number of bathrooms is unavoidably limited by the capacity of the
drainfield. “Adding public restrooms is a huge plus,” he said.
“But it generates an enormous amount of waste.”
Community Square also predates stormwater management regulations, said
Andy Deel, owner of Deel Engineering in Kill Devil Hills.
“It was more important to drain the site than treat the site,” he said.
retrofitting a design that will allow water to drain without being
dumped directly into the harbor, Deel said that a combination of rain
gardens, capturing the water and redirecting it, and replacing asphalt
and cement with permeable surfaces, like brick pavers, will address
much of the problem, he said.
The goal, said Deel, is to mimic the natural water cycle, while working around the existing infrastructure and environment.
area is really developed,” he said. “Trying to retrofit is challenging.
You can’t lose sight of just how historic the village is there. It’s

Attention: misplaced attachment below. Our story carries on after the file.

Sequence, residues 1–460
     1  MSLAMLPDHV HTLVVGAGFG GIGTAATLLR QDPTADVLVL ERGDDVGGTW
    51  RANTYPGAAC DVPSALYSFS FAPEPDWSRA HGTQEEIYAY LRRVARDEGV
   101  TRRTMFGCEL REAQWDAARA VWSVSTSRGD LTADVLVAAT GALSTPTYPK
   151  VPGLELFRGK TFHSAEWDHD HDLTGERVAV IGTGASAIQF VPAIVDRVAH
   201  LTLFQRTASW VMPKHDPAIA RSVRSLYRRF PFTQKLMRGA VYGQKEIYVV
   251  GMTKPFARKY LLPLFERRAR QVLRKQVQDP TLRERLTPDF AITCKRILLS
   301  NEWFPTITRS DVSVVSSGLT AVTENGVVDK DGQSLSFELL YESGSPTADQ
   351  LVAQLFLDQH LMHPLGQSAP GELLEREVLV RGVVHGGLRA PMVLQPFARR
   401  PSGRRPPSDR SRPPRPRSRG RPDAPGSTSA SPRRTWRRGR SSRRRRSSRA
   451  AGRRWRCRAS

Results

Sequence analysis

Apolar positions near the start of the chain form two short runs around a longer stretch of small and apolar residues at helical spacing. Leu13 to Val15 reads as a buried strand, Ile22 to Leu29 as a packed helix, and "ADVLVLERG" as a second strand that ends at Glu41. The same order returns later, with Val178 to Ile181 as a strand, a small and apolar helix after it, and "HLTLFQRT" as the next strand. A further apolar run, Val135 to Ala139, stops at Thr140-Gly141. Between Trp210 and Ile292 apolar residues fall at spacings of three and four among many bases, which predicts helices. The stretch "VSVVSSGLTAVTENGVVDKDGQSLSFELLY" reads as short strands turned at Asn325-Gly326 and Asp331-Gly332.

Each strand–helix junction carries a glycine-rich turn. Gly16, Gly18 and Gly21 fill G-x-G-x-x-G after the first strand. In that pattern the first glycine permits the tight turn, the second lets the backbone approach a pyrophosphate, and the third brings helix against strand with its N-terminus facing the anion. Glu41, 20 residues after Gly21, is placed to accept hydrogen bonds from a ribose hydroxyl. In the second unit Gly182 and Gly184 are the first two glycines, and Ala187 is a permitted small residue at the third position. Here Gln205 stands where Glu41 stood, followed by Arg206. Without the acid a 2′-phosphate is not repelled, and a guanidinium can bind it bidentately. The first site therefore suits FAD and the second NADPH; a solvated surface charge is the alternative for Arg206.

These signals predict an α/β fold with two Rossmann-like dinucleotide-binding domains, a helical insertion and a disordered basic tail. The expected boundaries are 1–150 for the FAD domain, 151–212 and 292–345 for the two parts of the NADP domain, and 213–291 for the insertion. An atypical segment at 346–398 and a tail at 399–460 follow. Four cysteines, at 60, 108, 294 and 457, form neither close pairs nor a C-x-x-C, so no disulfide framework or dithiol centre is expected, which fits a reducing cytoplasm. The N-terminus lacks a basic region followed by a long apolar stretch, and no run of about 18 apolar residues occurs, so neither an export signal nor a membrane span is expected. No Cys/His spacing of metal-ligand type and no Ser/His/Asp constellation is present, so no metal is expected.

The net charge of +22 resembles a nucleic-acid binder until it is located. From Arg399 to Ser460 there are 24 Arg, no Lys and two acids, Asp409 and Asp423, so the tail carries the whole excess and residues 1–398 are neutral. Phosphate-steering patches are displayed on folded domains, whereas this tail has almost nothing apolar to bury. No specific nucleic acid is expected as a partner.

literally hundreds of years old.”
addition to its land being utilized for wastewater treatment, the
16,800-square foot Dixon-Williams property will enable the villagers to
create “value-added” consumer products made with traditional village
assets such as fresh fish and figs. For instance, island recipes for
crab chowder and fig preserves and Ocracoke fig cake could be prepared
in the kitchen, and packaged for sale.
The project has allocated $47,085 for planning, $2,200,000 for acquisition and $2,145,000 for improvements.
a biology teacher at Ocracoke School for 22 years, has been working
since 2008 with the foundation on the sale. For years, he had been
holding out for a buyer who would agree to preservation easements. One
“substantial” offer he turned down had proposed to turn the site into
an exclusive yacht club.
$1.565 million he accepted from the foundation is less than he had
hoped for to fund his retirement, but knowing that the village’s
minimal zoning made the site vulnerable to development, Senseney, who
today lives near Asheville, said the wait was worth it.
“I’m hoping it will also be a good example of preserving the old style of Ocracoke,” he said. “I’m very relieved.”
History of the Community Store
story is provided courtesy of Coastal Review Online, the coastal news
and features service of the N.C. Coastal Federation. You can read other
stories about the North Carolina coast at www.nccoast.org.)